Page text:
surveys that it conducts (including the NCVS) so that the household samples are updated and coordinated across the various data collection programs. This work is done in collaboration with the agencies that sponsor Census Bureau–conducted surveys; “the portion of the sample redesign work that can be linked to a specific survey is funded by the sponsoring agency as part of the reimbursable cost of the survey,” while portions that are not directly identified with a specific survey are funded by the Census Bureau. “Thus, the approach combines central funding with user fees for survey specific redesign activities” (U.S. Office of Management and Budget, 2000:45–46). Although the sample redesign process has been routinely mentioned as an ongoing, cross-cutting activity in Statistical Programs of the United States Government, little detail on the progress (and consequences) of the effort was provided in the annual reports from 2001 to 2007. Ultimately, conversion from a sample deriving from the 1990 census to one using the 2000 numbers was not fully achieved for the NCVS until 2007; the redesign work was originally planned to be complete in fiscal year 2004.2 We recommend that the annual report provide additional discussion—and warning—of budget-related effects on basic survey maintenance when appropriate.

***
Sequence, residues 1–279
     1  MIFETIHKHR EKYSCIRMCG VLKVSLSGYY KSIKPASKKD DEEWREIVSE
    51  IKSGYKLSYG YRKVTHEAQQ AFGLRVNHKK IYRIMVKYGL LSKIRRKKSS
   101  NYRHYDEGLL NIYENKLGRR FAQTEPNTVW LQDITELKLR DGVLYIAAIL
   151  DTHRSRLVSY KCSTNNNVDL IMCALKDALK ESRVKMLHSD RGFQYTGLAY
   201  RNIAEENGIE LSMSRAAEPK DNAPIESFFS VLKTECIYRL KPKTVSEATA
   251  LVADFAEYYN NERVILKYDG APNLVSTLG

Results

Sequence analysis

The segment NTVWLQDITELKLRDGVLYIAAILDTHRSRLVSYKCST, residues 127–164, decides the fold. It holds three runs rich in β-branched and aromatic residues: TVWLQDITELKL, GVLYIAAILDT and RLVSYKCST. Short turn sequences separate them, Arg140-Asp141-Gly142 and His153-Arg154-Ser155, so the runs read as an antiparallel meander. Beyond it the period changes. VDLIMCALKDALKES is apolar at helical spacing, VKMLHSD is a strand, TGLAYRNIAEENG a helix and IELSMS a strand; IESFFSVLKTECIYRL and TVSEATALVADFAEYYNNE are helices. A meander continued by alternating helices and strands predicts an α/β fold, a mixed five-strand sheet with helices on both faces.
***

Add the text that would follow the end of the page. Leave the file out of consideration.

Recommendation 5.6: The Statistical Policy Office of the U.S. Office of Management and Budget is uniquely positioned to identify instances in which statistical agencies have been unable to perform basic sample or survey maintenance functions. For example, BJS was unable to update the NCVS household sample to reflect population and household shifts identified in the 2000 census until 2007. The Statistical Policy Office should note such breakdowns in basic survey maintenance functions in its annual report Statistical Programs of the United States Government.


A review of any survey, particularly one conducted with an eye toward reducing costs, must inevitably consider the question of who collects the data (in addition to exactly how the data are collected). In the case of the NCVS, the U.S. Census Bureau of the U.S. Department of Commerce has been engaged as data collection agent since the survey’s inception. In fact, as described in Box 1-1, the Census Bureau was heavily involved in the prehistory of the survey, entering into discussions with BJS’s predecessor in the


The new sample was phased in panel by panel. One panel of addresses based on the 2000 census was introduced in January 2005 for areas already included in the sample. “Beginning in January 2006, [the Census Bureau] introduced sample based on the 2000 decennial census in new areas. The phase-in of the 2000 sample and the phase-out of the 1990 sample will be complete in January 2008” (Demographic Surveys Division, U.S. Census Bureau, 2007b).

The National Academies of Sciences, Engineering, and Medicine
500 Fifth St. N.W. | Washington, D.C. 20001

Copyright © National Academy of Sciences. All rights reserved.
Terms of Use and Privacy Statement